Gov. Jim Justice made the right decision in shutting down bars in Monongalia County for 10 days. Such establishments contributed to what the governor and others termed a “hot spot” for new coronavirus cases.
Overall, though, the state needs a more complete response to these types of situations and quicker, more decisive action.
As he did with the mask mandate, the governor teased that bars might have to be shut down because of the problem late in the week, then he made the decision the following Monday. Wanting to wait and gather more information is understandable in some cases. However, COVID-19 spreads through social gatherings and is transmitted to multiple people rapidly. Making the call earlier might have stopped multiple new cases. West Virginians won’t really know for a couple weeks because of the incubation period associated with the virus.
Shutting down only bars also leaves some areas of concern. Patrons could simply go to restaurants that have bars in them, which Justice said would not be closed down, or hit the bars in another county. There are occupancy and distancing regulations in place with the mask order, but the burden of enforcement is on the business, not the state, leaving bar and restaurant managers, employees and owners in a difficult spot.
That’s not to say the governor should have shut down bars and restaurants with bars in them across the entire state. The administration needs the flexibility to address different areas with some finesse. For instance, case spikes in Monongalia County, according to the governor, are linked to West Virginia University students returning for the fall semester or more people in the area venturing out as classes approach.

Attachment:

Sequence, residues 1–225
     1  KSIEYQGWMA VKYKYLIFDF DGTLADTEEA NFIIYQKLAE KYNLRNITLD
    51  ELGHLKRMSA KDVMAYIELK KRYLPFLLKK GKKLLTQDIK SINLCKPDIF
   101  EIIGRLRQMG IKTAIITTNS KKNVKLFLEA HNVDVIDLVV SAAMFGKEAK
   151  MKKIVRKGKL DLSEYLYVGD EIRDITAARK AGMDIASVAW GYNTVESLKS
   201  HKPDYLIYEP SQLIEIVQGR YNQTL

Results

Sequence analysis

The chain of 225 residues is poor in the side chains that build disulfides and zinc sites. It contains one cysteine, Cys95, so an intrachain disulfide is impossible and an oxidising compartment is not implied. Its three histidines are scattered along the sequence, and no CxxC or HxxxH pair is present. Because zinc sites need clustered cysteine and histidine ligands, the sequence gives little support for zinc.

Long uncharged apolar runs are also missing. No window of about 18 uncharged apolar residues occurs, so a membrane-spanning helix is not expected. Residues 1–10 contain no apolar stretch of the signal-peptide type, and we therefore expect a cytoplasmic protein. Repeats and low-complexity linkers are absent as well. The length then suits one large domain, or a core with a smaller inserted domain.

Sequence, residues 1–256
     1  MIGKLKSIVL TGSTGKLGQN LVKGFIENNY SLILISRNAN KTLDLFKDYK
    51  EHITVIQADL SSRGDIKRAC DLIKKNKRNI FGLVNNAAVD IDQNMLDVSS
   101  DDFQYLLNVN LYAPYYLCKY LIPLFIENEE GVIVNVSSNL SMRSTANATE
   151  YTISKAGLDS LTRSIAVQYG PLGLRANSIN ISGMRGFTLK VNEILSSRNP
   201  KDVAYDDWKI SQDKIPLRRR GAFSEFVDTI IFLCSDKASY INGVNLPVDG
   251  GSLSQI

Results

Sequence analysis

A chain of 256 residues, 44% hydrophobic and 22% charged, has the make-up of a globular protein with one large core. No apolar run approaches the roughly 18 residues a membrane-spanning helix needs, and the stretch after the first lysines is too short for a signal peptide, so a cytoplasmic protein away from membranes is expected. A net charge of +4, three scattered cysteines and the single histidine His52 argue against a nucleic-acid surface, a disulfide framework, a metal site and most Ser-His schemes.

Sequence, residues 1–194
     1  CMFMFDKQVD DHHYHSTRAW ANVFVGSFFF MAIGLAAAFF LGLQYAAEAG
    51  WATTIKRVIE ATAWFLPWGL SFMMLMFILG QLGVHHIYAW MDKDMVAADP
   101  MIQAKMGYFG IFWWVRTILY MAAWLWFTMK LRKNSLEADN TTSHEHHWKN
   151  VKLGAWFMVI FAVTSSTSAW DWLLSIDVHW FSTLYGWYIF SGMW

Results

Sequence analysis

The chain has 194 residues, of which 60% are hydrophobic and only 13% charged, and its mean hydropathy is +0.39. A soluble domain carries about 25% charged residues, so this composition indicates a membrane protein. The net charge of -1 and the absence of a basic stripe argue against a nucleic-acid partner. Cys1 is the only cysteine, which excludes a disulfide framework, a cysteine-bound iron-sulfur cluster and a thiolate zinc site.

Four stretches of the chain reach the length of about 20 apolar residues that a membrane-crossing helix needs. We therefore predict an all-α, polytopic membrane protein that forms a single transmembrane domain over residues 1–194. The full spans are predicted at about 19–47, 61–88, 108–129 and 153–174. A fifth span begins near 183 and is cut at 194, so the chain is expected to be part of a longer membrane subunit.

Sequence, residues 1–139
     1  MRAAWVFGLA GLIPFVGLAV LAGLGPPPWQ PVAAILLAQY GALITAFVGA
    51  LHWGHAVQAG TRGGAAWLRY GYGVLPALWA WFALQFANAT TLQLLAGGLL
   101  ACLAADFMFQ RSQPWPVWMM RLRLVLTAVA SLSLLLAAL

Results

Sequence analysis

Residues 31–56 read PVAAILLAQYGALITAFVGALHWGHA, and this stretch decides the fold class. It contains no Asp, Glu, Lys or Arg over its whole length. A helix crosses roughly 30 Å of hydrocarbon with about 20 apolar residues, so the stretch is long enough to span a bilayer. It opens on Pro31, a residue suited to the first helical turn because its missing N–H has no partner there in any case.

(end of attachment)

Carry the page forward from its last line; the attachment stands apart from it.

Not many other counties in the state, aside from Cabell, will deal with a similar concern, at least not with a comparable volume of people suddenly injected into the equation. A statewide shutdown would have punished businesses that aren’t part of the problem at a crucial time for small-business owners.
It might be time to call the West Virginia Legislature into a special session to get some laws on the books that present more concrete legal consequences for ignoring public health mandates in what is, hopefully, a once-in-a-generation pandemic. Any such legislation needs to be specific to this particular crisis, so it does not infringe on basic rights, intentionally or not, now or in the future. It would take a while to debate such legislation, but the governor still would maintain the power to manage the crisis on a daily basis.
Even a special session would have to be done carefully. Multiple COVID-19 cases among legislators in Mississippi have been linked to a recent session in May, although it’s important to note that, in that case, many lawmakers did not wear masks or practice proper social distancing.
Many West Virginians have the best interests of their fellow citizens in mind when they venture out. But there still are some who refuse to take precautions with a virus that is somewhat treatable but not yet totally curable, causing more than 135,000 deaths in the United States so far. And it’s not just in bars. Cases continue to be traced back to irresponsible church gatherings or traveling to vacation spots without taking proper safety measures while there or upon returning home.
No one should lose his or her life or needlessly suffer because someone else didn’t have the courtesy to wear a mask or follow other basic public health practices. Gov. Justice’s administration needs to act more quickly when these situations develop, and there needs to be a consequence for ignoring executive orders regarding COVID-19. Otherwise, the only solution becomes issuing another stay-at-home order, and West Virginia’s economy, indeed its collective sanity, probably would not survive something like that.